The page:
Phil Storrs PC Hardware book

Time-line of an Entry Level PC

Over the last few years we have been able to define an "entry level" PC computer by its processor. The PC stated out with the 8088 chip in the original IBM PC of 1981 and progressed to the 80286 based AT in 1983. The XT type (8088 based) eight bit bus computer had a long and productive life.

The Clone machines underwent many improvements along the way, the clock speed increased to 8, 10 and then 12MHz, and some of the last generation of XT type clone machines used an 80286 processor running at 16MHz, instead of an 8088 chip. NEC produced a better clone of the 8088 chip, the V20, and this was used in many of the last generation of XT type computers. Some manufacturers used an 8086 chip or the NEC V30, and accessed the RAM 16 bits at a time, instead of 8 bits at a time.

The XT type computer with its eight bit external data bus, and 20 bit address bus, was the most common PC until 1987 when 80286 based computers (PC/AT), with their 16 bit external data bus and 24 bit address bus, started to become affordable.

By 1987 the entry level machine had progressed to an 80286 based computer. IBM used the name PC/AT for these computers, clone manufacturers usually called them 286 computers. 1987 saw the introduction of the 80386 chip and by 1991 the entry level machine had progressed to an 80386SX based machine. The rest of the progression to the present day and beyond roughly follows the following list.

Year Processor
1992 386DX40
1993 486SX25 or 33
1994 486DX33
1995 (first half) 486DX2/66
1995 (second half) 486DX4/100
1996 (first half) Pentium 75
1996 (second half) Pentium 100
1997 (first half) Pentium 133, Cyrix/IBM or AMD equivalent
1997 (second half) Pentium 166 to 200, Cyrix/IBM or AMD equivalent
1998 (first half) Pentium MMX 200, Cyrix/IBM or AMD equivalent
1998 (second half) Celeron or Celeron A 300MHz, AMD K6-2/300, or 6x86/300

A bit more History

In 1987 in a bid to regain the dominant position they had in the early days of PC's, IBM changed direction with a new naming convention, a new advanced Bus slot and a new Operating System. The PS/2 range from IBM introduced the MCA (Micro Channel Architecture) Bus and OS/2. The first PS/2 was the Model 30, a slightly updated 80286 based computer running a higher clock speed than the IBM PC/AT and still using the ISA Bus. The other leading manufacturers of PC computers (Computers using Intel family Processors) continued on with DOS, and the ISA Bus and soon developed an advanced version of the ISA Bus called EISA. Gradually DOS gave way to Windows and IBM never regained a significant market share of the PC market. The PowerPC was a further attempt by IBM at taking over the market during the mid 1990's but this failed.

Clock Speeds

All the various 8086 family processors have been available in a range of clock speeds and the faster chips have always cost more than their slower relations. The 80386DX chip started out running at 16 MHz and was eventually available in a 40 MHz version from AMD. The 386SX chip started out at 16 MHz and eventually was available with a clock speed of 33 MHz. The 386 and 486 generation Processors accessed the RAM at the Clock Speed of the processor.

The 486SX chip was first available for a 25MHz clock speed and then for 33MHz and eventually a 486SX2/66 was produced. The 486DX chip was first produced operating at 33MHz but a 50MHz version was also available from Intel and a 40MHz version from AMD.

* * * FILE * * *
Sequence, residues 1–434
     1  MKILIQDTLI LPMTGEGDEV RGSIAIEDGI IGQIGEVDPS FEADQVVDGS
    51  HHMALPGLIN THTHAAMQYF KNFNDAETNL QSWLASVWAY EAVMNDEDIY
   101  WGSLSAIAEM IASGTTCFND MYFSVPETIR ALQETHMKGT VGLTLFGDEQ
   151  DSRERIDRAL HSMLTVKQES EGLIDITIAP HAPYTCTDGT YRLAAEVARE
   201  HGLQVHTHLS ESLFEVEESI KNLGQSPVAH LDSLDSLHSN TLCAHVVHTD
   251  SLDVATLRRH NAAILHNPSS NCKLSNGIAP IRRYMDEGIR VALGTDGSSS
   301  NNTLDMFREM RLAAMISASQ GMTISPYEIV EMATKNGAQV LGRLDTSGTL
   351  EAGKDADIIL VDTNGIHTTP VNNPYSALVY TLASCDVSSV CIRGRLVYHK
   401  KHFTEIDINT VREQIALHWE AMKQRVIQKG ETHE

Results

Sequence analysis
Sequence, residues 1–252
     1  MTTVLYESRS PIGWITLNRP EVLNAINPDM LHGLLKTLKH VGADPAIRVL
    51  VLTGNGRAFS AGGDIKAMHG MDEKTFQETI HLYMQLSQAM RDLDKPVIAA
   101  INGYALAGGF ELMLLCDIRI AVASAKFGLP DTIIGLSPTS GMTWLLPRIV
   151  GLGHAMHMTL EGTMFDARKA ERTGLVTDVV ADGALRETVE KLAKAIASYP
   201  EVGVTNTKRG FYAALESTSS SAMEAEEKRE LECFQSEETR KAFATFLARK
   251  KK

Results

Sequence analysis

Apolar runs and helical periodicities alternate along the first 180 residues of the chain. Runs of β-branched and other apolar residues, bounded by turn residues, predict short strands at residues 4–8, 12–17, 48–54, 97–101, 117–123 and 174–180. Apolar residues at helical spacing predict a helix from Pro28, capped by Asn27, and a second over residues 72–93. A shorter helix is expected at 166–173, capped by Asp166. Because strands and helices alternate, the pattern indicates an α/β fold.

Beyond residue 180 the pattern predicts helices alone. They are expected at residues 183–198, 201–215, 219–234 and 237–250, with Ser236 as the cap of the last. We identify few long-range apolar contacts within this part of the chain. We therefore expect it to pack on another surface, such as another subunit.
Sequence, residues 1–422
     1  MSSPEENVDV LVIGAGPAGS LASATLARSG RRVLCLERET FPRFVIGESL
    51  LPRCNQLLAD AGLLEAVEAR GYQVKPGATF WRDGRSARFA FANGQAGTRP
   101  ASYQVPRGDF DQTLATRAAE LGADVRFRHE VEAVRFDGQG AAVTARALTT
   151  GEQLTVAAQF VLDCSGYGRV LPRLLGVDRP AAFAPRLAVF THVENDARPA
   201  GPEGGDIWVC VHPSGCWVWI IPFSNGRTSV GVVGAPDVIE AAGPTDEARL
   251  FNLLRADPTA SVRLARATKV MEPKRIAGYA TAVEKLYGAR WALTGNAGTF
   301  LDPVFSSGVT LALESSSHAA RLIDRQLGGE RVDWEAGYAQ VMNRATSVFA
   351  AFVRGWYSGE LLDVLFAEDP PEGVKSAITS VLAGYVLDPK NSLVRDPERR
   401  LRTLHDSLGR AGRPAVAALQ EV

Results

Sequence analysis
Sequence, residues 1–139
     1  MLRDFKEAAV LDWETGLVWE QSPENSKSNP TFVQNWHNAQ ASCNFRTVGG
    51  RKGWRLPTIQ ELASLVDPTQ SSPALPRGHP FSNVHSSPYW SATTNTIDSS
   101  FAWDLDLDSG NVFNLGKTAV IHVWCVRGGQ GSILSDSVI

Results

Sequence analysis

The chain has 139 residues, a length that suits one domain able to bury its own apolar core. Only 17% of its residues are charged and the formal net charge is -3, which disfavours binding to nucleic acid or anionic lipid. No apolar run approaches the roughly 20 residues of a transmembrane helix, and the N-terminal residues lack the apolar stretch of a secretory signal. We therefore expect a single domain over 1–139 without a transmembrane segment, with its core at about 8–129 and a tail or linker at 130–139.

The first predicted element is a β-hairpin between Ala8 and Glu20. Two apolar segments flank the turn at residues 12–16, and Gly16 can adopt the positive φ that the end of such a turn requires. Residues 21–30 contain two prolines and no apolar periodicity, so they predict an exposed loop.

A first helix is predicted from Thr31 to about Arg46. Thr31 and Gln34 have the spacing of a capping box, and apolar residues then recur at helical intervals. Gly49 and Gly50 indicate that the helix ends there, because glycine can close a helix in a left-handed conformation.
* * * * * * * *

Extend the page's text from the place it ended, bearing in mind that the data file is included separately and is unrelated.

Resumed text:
The next step was to double the Clock Speed inside the Processor. The 486DX2/66 Processor operates with an External Clock Speed of 33 MHz and an Internal Clock Speed of 66 MHz. The DX4/100 processors operate with an External Clock Speed of 33MHz and an Internal Clock Speed of 100 MHz. AMD produced 486DX2/80 and 486DX4/120 chips that operated with an External Clock Speed of 40MHz.

The INTEL 486 OverDrive Processors

Intel produced a range of OverDrive processors that were upgrade devices. The first OverDrive processor was the 486 OverDrive and this was an enhanced 486DX2/66 chip with a built in voltage regulator and heat sink. This was followed by a 486DX4/100 OverDrive chip.

OverDrive processors are mainly used by Corporate and Government users who often have budgets to upgrade or repair existing Equipment, rather than replace equipment. IBM and Cyrix also looked at this market for a while but it appears as though there is only a small market for this type of product.

Two other products, the Evergreen and Power Leap chips are re-packaged and re-badged 80586 chips mounted on a sub-board that plugs into a 80486 System Board. The board is required to provide the 3.3 volt supply to the processor because many older 80486 System Boards only have a 5 volt supply to the processor chip.

Intel Pentium OverDrive

Intel is producing a Pentium OverDrive chip for use in old Pentium boards that were designed for the 60 and 66 MHz Pentium chips only (these Pentiums used an older socket) and another for System Boards that can only handle 75 and 100 MHz Pentiums. These chips are expensive and only give a maximum performance boost of 50%. The other technology involved in a PC Computer, particularly RAM technology, is advancing at such a rate it is far more cost effective to replace all the hardware, System Board, RAM and Video card.

NexGen (now part of AMD) produced a processor called the Nx586, a 486 compatible device similar to the Pentium OverDrive from Intel. Another similar device was also marketed by IBM/Cyrix as the 5x86 chip. All of these chips had a 32-bit External Data bus and a 64-bit Internal Data bus.

Back to the The Pentium and beyond chapter Back to the opening index Book one index

Whats inside the first generation Pentium Processor Time line of Intel processors Internal and external speeds of older Pentium type processors The Sub US$1000 PC

Copyright © Phil. Storr, last updated 26th December 1998